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Require Disclosures and Inspections

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You can never be too trusting when it comes to buying real estate, Arizona real estate is no exception.  Buyers are entitled to know what they are getting for their money.  Buyers should insist on an inspection and full disclosure of any property being purchased.

Why Do You Need an Inspection?

An inspection is an opportunity to have an expert give you an oral and written report regarding the condition of the property in Arizona you are purchasing. The standard home inspection report will review the current condition of the home's plumbing, heating and electrical systems. The report will also include info about the structure such as the foundation and basement, as well as the roof, attic, ceilings, walls, floors, doors and windows. It normally includes photos of problem areas and recommendations for repairs. For example, after researching sales in the area, you place an offer on a 20 year old Tempe, Arizona home.  Your offer is accepted. Next, you hire an inspector. The report shows a cracked concrete foundation. The roof and plumbing also need replacing. The cost for repairs is $40,000. Your inspection contingency would let you back out, or negotiate further. When writing a report, the inspector must follow certain legalities on paper.  Therefore, remember to accompany the inspector during the inspection, who will be more open in person.  Informal and oral comments give more specifics and insights into the problems of the property. 

Why Do You Need Disclosures?

Regarding Arizona real estate, the law requires the seller to disclose all relevant knowledge of the condition or history of their home to the buyer. For example, a seller would disclose a history of a leaking roof or their house being built on expansive soil. A disclosure contingency gives you protection when buying your Arizona home.  So, upon discovering the roof needs replacing, you can either back out or renegotiate for the repair costs. It also makes the seller legally responsible. If a seller fails to disclose that anything is wrong with the house, and you move into your newly purchased house, only to discover that cracks in the foundation were filled in and painted over, an Arizona court of law can view the disclosure statement as evidence that you had no prior knowledge and that the seller should be held liable for the repairs.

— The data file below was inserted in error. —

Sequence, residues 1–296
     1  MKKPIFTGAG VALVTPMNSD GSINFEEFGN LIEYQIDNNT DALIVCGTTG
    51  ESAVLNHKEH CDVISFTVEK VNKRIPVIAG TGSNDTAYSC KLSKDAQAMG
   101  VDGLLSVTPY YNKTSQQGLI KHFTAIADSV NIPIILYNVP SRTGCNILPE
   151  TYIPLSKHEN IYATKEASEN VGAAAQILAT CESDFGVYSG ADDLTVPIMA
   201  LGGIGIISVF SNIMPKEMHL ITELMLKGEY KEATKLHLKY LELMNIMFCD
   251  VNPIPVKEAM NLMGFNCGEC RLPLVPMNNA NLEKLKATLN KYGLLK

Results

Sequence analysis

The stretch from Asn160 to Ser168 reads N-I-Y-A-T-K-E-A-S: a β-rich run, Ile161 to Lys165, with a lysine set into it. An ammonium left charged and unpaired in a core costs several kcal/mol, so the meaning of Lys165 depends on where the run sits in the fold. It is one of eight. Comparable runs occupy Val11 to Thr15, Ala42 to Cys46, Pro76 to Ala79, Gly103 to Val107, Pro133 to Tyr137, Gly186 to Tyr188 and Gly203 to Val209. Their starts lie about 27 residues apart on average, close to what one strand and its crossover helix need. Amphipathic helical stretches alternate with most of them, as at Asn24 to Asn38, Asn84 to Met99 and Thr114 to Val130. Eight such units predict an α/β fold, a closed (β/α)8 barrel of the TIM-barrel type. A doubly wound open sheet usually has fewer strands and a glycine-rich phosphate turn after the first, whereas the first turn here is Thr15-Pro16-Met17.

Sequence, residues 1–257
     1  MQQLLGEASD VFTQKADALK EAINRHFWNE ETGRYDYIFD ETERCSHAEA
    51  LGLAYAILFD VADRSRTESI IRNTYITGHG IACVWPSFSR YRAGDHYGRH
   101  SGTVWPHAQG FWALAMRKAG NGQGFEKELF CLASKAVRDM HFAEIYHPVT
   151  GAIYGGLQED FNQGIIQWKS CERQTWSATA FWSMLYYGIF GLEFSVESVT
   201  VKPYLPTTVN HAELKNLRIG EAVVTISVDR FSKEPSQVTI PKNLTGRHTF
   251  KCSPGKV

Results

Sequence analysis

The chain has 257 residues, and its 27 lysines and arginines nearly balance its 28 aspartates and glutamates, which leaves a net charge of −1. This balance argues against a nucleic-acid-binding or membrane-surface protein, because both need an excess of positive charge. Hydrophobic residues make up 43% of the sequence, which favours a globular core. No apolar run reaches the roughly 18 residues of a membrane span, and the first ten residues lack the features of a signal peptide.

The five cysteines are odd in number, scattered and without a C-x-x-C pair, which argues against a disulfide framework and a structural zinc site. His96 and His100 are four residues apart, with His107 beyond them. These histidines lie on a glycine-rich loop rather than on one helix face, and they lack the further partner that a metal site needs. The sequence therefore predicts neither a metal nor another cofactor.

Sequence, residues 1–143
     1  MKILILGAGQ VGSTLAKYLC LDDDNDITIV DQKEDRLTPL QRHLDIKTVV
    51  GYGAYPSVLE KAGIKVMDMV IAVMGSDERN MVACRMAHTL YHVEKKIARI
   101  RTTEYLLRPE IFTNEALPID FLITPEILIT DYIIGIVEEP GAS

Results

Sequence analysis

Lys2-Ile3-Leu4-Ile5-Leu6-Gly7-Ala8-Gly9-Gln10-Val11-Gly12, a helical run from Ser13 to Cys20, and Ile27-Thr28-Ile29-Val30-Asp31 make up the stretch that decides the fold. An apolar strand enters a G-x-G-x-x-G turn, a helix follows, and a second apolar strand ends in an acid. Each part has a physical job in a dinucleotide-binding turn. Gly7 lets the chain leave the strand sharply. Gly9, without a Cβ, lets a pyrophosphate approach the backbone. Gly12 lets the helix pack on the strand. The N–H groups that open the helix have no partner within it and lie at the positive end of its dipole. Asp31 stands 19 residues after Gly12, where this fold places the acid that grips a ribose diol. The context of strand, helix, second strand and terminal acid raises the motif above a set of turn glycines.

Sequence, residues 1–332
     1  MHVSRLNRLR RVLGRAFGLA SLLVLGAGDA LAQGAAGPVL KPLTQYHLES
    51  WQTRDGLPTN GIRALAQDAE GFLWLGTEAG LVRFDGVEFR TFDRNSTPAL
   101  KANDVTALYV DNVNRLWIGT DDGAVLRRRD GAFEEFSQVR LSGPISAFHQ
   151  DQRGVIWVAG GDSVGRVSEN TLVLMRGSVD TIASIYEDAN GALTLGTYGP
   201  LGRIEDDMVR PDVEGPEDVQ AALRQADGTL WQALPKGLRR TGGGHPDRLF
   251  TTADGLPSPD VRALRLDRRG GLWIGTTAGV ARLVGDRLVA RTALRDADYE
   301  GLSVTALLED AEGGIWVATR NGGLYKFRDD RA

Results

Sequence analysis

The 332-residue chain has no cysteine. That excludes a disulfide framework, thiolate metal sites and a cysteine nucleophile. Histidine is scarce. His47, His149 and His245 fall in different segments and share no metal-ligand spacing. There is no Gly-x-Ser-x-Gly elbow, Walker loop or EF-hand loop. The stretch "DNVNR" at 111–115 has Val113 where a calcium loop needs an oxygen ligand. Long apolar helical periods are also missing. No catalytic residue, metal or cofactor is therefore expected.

How Do You Get an Inspection?

The inspection is written in as a contingency in standard contracts used for the purchase of Arizona real estate.  The buyer is responsible for the inspector's fee.  There are two national trade organizations. The American Society of Home Inspectors(ASHI) and the National Association of Home Inspectors(NAHI).  I can recommend a list of local inspectors. Please check references carefully.

How Do You Get Disclosures?

Arizona real estate law states that a seller’s property disclosure statement be provided to the buyer within 5 calendar days after acceptance of the contract and then the buyer has 5 calendar days to approve or disapprove them. If the buyer finds the defects unacceptable then the agreement is broken. Don’t jeopardize your investment, insist on a home inspection and full disclosure. Make your purchase contingent on approving the results of both.

Remember, a "final walk-through" is not a home inspection.  Structural and other problems are only revealed with a thorough home inspection.  A walk-through is designed to make certain that the seller hasn’t damaged the property since your last visit.

 


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